Y.U. Credit Rating Downgraded Amid $380M Abuse Lawsuit Fears
Yeshiva University’s credit rating has been downgraded by a major ratings agency amid large and growing deficits, a falling endowment and fears of costly litigation stemming from recent allegations of sexual abuse at its high school.
Moody’s downgraded Y.U.’s debt from A2 to Baa1, putting it below the median credit rating for similar institutions.
The agency says that the litigation prospects of the alleged sexual abuse victims will largely determine if the debt is downgraded further.
Since its peak in 2007 Y.U.’s endowment has cratered, falling 45%, doing handily worse than the stock market. Y.U.’s reliance on hedge funds, in particular, has been extremely damaging. It was also slammed by the financial crisis and damaged by its entanglement with Bernie Madoff’s Ponzi scam.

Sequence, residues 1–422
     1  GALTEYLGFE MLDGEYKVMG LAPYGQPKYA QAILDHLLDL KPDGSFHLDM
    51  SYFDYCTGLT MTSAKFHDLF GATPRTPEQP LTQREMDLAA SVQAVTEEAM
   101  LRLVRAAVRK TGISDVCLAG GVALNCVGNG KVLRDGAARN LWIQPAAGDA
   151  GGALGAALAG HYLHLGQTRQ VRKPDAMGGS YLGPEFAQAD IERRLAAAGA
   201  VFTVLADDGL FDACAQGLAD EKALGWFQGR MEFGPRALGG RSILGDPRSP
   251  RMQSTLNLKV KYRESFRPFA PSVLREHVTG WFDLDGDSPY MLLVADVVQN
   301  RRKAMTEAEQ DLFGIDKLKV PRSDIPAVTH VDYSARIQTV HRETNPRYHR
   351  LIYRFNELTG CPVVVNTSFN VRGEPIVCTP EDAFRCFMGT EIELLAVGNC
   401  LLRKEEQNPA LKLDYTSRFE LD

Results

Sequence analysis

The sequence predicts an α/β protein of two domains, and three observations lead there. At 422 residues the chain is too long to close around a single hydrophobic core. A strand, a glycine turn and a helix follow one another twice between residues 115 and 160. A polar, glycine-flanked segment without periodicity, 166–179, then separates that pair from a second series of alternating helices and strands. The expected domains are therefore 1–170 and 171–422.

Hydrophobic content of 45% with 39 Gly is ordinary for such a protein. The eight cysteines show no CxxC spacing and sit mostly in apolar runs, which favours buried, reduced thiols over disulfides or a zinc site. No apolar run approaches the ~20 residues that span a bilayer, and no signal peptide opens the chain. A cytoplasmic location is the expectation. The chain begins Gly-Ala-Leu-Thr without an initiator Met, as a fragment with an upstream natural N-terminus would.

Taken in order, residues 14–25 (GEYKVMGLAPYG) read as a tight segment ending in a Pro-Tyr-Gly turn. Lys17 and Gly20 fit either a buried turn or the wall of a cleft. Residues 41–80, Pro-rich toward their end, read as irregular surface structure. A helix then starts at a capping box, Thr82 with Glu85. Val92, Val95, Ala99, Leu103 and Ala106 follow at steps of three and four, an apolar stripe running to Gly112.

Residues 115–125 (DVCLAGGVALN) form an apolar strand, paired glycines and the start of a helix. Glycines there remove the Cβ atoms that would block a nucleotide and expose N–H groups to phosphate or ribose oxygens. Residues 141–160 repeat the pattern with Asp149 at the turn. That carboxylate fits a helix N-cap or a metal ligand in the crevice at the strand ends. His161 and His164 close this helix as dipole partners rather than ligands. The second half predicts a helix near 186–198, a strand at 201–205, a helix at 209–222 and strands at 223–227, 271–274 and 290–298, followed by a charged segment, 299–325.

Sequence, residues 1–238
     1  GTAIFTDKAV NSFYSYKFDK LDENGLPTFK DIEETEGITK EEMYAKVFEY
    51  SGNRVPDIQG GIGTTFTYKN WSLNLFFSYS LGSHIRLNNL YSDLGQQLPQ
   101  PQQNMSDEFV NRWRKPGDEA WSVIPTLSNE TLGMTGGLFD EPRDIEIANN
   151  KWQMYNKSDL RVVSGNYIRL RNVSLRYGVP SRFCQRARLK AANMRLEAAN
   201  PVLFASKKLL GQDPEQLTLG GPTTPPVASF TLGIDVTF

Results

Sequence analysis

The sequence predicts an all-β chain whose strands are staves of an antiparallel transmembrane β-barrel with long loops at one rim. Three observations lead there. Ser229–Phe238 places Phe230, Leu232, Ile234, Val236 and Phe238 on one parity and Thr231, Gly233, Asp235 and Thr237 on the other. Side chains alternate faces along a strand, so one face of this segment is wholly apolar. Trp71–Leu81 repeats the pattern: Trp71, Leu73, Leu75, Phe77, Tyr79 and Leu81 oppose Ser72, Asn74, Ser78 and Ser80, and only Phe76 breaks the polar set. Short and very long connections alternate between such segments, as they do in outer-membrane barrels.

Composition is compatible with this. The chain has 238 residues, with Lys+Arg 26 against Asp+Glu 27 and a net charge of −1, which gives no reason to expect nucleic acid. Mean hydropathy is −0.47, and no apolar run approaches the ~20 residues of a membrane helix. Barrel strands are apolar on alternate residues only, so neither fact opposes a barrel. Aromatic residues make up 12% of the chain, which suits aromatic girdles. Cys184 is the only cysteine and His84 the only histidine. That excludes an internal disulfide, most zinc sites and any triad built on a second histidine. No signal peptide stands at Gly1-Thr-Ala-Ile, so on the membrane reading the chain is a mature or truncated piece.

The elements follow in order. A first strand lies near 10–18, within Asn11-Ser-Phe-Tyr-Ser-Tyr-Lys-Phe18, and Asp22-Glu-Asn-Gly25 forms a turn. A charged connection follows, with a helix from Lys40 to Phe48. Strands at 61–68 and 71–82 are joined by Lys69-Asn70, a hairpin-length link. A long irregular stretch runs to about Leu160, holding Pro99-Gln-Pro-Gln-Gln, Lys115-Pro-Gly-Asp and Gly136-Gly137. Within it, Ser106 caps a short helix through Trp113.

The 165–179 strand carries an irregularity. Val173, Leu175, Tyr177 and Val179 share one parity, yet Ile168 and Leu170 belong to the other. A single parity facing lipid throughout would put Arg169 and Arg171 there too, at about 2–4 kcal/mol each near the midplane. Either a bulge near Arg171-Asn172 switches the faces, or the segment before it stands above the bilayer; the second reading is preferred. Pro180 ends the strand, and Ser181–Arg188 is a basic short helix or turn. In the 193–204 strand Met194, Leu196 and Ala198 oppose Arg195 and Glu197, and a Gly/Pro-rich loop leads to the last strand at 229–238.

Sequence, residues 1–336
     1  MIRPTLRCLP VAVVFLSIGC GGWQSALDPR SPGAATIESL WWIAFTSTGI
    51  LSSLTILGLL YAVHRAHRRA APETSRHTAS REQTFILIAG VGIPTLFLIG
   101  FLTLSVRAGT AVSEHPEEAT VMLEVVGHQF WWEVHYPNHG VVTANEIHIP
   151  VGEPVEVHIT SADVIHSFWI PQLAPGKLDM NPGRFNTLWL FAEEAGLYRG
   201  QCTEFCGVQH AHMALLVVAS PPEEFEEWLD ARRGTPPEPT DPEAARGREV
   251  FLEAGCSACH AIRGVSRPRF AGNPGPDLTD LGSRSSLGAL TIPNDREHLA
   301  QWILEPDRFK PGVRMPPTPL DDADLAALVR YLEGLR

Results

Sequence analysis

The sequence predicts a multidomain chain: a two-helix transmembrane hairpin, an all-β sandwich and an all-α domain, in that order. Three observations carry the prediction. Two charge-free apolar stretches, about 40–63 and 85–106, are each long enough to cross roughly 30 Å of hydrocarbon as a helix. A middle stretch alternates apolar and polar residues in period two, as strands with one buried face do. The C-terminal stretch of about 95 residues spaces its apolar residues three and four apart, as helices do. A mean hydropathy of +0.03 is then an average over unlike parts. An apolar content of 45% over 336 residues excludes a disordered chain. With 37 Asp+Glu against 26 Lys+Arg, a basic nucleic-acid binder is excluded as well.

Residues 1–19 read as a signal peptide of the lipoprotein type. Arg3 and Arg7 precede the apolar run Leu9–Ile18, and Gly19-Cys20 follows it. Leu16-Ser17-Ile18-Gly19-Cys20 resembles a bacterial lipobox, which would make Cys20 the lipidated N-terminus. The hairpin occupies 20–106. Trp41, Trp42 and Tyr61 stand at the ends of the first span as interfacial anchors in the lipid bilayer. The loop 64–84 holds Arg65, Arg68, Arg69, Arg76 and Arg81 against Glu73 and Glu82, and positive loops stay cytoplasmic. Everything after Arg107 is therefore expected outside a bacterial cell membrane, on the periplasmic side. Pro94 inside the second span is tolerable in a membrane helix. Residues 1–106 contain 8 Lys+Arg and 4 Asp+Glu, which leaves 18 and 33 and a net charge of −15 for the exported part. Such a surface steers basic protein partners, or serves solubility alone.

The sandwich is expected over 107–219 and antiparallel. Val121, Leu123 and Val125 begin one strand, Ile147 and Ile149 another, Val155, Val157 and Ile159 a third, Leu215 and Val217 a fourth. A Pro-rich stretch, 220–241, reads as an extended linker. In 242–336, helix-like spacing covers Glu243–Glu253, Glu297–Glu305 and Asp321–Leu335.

Meanwhile, the federal lawsuit filed last week by former students at Y.U.’s affiliated high school, alleging administrative negligence in response to abuse they suffered there, is demanding over $380 million in damages. According to Moody’s the attendant publicity may have large consequences for Yeshiva’s fundraising efforts.
Many universities nationwide are facing similar financial crises as expenses balloon and tuitions stagnate. In fact, in January Moody’s released a report suggesting that the entire industry was on a fiscally unsustainable path, and the news that federal interest rates on student loans are set to double only worsens these prospects.